Preacher Friend of Leo's

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    A light pick, really. It is probably just me as I learned fingerpicking from the beginning but a number of our new tunes has a really syncopated bass line that requires a pick so I have added that to my arsenal. I typically uses the heaviest pick I can find that will allow me to play those quick notes with a bass thump like I would hear if I finger picked it. I will have to try a lighter pick and see what it sounds like.
     
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  6. Matthias

    Matthias Friend of Leo's Gold Supporter

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    I think I transitioned to bass OK. I like both. Guitar feels like singing to me, bass feels like dancing (if that makes any sense at all)...
     
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  7. Wulf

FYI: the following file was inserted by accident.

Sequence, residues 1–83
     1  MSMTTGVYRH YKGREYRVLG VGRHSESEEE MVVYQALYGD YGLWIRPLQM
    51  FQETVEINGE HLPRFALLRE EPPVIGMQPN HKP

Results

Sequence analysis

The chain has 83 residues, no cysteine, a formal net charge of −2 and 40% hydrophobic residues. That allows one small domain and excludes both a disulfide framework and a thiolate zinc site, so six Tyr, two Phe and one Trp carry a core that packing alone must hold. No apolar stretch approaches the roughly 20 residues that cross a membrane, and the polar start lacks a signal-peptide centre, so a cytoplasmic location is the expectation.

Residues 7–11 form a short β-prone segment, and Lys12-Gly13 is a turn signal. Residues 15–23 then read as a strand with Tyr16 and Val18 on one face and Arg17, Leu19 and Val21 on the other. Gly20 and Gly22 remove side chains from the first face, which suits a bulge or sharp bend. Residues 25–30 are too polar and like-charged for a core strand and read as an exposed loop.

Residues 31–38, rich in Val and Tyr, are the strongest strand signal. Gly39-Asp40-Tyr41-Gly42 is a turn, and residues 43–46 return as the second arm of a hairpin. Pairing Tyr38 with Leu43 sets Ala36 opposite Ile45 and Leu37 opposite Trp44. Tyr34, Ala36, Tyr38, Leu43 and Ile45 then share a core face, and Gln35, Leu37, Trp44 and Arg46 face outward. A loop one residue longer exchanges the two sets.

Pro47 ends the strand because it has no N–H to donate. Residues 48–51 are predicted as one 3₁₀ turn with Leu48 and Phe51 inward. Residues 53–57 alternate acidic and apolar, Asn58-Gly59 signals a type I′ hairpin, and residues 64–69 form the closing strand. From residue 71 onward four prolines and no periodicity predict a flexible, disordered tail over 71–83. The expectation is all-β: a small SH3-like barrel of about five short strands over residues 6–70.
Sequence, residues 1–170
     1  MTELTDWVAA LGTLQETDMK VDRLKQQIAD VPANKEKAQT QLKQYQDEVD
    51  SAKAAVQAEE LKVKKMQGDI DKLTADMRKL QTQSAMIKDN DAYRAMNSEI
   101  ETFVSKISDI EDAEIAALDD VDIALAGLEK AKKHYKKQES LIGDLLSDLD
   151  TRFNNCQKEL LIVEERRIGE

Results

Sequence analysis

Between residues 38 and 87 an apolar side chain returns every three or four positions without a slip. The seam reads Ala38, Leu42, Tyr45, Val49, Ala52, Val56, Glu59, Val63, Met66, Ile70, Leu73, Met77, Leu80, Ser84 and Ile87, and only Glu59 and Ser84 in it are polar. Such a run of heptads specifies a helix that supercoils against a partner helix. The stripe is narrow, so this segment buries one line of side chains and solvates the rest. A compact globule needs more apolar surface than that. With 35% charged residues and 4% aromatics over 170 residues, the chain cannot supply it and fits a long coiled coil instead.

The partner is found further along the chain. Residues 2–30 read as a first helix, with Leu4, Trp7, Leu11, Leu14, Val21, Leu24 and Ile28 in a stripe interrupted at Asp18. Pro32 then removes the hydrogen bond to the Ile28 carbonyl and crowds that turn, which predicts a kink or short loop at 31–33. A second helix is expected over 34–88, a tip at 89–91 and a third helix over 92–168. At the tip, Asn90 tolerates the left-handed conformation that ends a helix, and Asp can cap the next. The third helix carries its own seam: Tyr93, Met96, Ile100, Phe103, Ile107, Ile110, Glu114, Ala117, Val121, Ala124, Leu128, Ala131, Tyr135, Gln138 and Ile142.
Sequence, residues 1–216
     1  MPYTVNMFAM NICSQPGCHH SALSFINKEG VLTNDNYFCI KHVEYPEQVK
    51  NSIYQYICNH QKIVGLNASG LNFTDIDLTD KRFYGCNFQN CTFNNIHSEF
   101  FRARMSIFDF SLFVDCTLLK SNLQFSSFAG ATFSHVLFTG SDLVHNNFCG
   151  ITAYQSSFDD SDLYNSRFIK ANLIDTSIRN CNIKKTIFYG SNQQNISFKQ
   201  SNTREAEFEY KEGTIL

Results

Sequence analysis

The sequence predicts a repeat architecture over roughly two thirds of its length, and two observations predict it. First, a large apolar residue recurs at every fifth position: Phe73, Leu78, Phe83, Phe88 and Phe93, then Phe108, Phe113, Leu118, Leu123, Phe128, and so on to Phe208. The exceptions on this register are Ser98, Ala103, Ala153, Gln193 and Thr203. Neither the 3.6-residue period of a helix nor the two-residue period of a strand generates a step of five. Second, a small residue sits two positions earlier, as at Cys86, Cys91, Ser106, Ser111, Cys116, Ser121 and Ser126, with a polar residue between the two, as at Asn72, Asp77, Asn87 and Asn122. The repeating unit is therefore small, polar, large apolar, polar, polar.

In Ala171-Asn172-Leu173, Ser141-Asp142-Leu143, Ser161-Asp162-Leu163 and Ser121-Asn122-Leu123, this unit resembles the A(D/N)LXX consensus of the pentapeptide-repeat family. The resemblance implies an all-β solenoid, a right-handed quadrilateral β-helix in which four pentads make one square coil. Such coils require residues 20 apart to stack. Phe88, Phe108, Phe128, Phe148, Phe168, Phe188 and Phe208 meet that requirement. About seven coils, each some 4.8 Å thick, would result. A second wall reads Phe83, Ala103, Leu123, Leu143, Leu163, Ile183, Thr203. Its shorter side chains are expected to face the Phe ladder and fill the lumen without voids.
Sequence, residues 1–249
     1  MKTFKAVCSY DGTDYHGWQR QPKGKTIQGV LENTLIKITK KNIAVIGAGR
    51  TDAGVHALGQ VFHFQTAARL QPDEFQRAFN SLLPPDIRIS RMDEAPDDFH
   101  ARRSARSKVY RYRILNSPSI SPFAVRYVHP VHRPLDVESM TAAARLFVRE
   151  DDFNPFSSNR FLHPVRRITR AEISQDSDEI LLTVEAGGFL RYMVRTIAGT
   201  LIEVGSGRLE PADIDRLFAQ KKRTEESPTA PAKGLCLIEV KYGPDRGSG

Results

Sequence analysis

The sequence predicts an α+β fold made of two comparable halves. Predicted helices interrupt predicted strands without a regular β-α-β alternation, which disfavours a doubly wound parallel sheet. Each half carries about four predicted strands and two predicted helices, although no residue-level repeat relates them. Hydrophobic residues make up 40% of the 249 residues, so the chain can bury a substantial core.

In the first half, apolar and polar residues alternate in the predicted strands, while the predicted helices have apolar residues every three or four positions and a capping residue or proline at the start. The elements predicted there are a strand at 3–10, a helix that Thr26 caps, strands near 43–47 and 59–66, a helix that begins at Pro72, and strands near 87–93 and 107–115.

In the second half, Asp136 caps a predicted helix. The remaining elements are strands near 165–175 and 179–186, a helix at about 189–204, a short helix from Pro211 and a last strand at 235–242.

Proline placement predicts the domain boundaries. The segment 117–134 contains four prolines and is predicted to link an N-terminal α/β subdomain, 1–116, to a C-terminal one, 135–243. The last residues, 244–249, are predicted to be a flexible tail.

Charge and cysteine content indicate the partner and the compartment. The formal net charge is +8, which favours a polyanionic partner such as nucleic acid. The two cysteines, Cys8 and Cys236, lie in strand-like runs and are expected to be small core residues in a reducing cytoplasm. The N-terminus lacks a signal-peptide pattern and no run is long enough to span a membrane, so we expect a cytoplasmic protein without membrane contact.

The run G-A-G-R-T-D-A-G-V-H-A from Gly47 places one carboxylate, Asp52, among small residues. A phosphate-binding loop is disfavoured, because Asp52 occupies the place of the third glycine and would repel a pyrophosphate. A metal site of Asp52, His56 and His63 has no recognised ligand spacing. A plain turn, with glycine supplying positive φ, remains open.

Wulf Tele-Afflicted

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    DeeDee Ramone did ok playing mainly root notes
     
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  8. Telenator

    Telenator Doctor of Teleocity Vendor Member

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    I find that a light pick is far less fatiguing on the thumb and fore finger. It also produces a much smoother tone and has less "pick slap" than a heavy pick.
    The thinner pick makes me play softer and more in control. It's not great for aggressive playing, but hey, I don't play that well yet anyway!
     
  9. don

    don Tele-Meister

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    I made the switch and actually still play both guitar and bass. For me it was first getting comfortable with Root-5 by playing along with some old school country - then learning the walks between the chord changes and listening to what the bass players on the recordings were doing. Playing some Chuck Berry type rock with the Root-3-5-3 pattern and then learning variations of both Root-5 and Root-3-5-3 will get you a long way. I play with a pick and don't let anyone tell you thats not right - check out Carole Kaye - one of the best and funkiest bass players that ever lived and she is exclusively a pick player and was first a session guitarist so she made the change too. The intro on the track below is killer and would not sound right with fingers! Good luck!